Another round of partial nudity, German beer maid costumes and a mix of AC/DC, Chopin, and Beyonce left half the crowd in laughter (and the other half scratching their heads) during night two of the On the Boards A.W.A.R.D. show. Most of the acts had live music, which was a nice touch, but sloppy movement and cheap thrills distracted from the true intentions of some of the choreographers.
The show opened with Home Made, an experimental piece performed by dancers from tEEth and choreographed by Angelle Herbert. A large white sheet on the floor covered the two dancers, who had a video camera with them, and a large projector at the back of the stage gave the audience a view under the covers where the naked dancers gave tours of various parts of their bodies. Freckles, light grey eyes, the curve of a female hip. There was something heartbreakingly intimate about the way in which the female caressed her partner’s head with her foot. When the camera went off they stood up, and a light underneath the sheet allowed them to contort their bodies into dancing shadows. Once the sheet was removed (and they somehow came out fully clothed) the two dancers launched into a beautiful exploration of coupling (which seems to be a common theme) in which they focused very much on the mouth, with one dancer controlling the other, puppet like, using a hand or foot against her mouth. The piece ended, literally, with a scream.
Josephine’s Echopraxia (which means the involuntary repetition of movement observed in another, very fitting for this piece) presented Saying goodbye again and again and again and again…[stifle], choreographed by Marissa Rae Niederhauser. Two live electric guitars and a drummer gave the feeling of a 1970’s rock show. So did the performers, whose movements were sometimes wild, with focus on the hands and floor work that wanted to be sharper. The corps of the group engaged in the synchronized motions, but there was always a point at which one member was slightly off from the other three; the frequency with which it happened made it appear intentional. Although there were some confusing moments, the group presented a very clear investigation of the idea of conformity and a lovely ending in which it actually appeared that the dancers were fighting against being dragged backwards across the stage against their will.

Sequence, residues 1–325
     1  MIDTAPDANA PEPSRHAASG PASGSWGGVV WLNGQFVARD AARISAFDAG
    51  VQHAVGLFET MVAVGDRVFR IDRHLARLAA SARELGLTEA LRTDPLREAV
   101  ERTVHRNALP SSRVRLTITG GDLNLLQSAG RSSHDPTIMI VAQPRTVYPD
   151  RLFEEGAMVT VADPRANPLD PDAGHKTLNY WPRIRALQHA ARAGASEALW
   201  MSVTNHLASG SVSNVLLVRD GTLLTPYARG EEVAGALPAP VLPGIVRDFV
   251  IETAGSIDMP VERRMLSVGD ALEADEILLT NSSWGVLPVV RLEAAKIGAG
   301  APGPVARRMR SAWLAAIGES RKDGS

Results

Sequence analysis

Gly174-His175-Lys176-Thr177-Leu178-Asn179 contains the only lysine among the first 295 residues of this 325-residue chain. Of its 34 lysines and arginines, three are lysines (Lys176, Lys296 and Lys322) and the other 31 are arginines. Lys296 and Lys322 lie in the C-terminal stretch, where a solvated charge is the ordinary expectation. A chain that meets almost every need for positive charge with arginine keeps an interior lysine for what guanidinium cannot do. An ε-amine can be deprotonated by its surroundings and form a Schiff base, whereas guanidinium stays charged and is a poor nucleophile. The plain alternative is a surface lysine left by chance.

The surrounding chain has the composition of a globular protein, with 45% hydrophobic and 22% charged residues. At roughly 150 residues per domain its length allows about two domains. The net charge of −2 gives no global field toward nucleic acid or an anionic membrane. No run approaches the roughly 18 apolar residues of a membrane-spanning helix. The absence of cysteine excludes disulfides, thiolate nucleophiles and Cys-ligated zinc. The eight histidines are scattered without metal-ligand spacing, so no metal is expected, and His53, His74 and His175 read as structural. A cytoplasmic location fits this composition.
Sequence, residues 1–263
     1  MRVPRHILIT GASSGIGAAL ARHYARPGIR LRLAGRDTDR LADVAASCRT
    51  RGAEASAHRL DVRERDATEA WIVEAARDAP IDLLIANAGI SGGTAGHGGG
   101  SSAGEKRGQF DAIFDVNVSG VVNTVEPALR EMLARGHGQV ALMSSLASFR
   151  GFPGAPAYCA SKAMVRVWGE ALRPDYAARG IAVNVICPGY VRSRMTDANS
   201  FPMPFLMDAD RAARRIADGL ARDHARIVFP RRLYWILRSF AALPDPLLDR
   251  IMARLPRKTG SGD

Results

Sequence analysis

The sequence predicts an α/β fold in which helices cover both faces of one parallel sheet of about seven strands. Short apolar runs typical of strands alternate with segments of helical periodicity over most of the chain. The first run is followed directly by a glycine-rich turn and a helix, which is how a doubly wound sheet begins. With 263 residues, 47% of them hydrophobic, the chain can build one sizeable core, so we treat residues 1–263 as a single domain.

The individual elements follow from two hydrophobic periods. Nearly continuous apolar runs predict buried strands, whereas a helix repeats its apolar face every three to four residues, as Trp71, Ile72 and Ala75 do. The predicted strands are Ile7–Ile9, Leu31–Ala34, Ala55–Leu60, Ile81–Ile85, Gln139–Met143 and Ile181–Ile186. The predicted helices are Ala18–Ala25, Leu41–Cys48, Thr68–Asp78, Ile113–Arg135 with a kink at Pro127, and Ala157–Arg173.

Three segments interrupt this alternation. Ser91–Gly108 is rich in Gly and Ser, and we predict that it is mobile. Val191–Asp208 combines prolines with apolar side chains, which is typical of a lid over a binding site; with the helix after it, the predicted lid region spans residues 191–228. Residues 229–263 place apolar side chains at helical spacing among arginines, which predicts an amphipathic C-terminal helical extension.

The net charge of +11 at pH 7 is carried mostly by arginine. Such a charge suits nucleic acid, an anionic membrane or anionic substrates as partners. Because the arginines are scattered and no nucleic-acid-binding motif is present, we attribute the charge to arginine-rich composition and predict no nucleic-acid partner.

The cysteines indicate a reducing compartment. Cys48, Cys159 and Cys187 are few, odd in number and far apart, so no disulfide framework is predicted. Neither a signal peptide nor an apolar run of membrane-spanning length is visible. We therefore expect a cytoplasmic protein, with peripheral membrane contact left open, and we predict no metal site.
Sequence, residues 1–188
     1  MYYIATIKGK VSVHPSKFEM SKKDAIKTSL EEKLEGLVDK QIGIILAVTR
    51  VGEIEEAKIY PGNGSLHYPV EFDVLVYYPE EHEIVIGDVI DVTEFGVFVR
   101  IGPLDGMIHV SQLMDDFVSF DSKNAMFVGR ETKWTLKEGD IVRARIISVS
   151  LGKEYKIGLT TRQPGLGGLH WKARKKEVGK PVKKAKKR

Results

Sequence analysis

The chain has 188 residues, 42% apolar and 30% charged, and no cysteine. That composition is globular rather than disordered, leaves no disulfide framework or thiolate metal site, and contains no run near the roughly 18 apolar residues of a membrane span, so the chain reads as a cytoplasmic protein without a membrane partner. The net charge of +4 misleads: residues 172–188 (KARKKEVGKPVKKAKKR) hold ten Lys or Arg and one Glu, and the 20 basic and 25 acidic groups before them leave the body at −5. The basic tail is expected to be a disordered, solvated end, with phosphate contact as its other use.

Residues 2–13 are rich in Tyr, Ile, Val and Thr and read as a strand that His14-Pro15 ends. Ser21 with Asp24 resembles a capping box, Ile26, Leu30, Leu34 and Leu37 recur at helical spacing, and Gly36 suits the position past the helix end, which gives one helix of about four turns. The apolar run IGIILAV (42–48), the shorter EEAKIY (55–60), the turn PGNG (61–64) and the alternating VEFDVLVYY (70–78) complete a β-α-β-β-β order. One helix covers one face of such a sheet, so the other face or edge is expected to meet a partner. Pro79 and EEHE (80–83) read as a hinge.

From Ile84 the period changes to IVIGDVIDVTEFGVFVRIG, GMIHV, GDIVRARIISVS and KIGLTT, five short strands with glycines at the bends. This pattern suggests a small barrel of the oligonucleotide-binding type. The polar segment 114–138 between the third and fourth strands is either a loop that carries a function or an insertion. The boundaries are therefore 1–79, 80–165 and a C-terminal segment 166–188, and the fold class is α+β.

A lot of laughs were offered up to Quark Contemporary Dance Theatre, whose Cutting Room by David Lorence Schleiffers involved a fully costumed Little Bo Beep, male dancers in green felt Lederhosen, and women in kitschy German attire. The group capitalized on a mirroring technique, but it seemed as though they were holding back; the kicks and jumps could have been bigger, and the male dancers clearly had the strength to propel them. About half the audience cracked up at the repetitive hip circles and pelvic thrusts, but all I could keep thinking about was how eerily similar the performance was to a 1940’s German youth sporting competition, which was clearly part of the intention.
Waxie Moon closed out the evening, performing a riotous piece called Trinity, with three parts entitled I. Secret, II. Sorrow and III. Spirit. Choreographed and performed by Marc Kenison, the act was part strip tease, part drag performance and very little ‘dance’ Waxie Moon appeared on stage dressed like a steampunk circus ringmaster, then stripped down to a thong, making various phallic suggestions with his removed gloves. The second section featured a projected video of him in full women’s funeral attire, skillfully walking through a large patch of river rocks in 4-inch stiletto heels, eventually stripping naked and wading into a river. Spirit really got the audience going as Kenison swished onstage in a tie-dyed garment that can only be described as robes similar to what one would see on the Virgin Mary. He performed an interpretive dance to Beyonce’s ‘Halo’, leaving us in riotous laughter, wondering exactly what it was we had just seen.
On this night the audience’s choice for overall favorite lined up with mine, and tEEth will join zoe | juniper for the Sunday night showdown.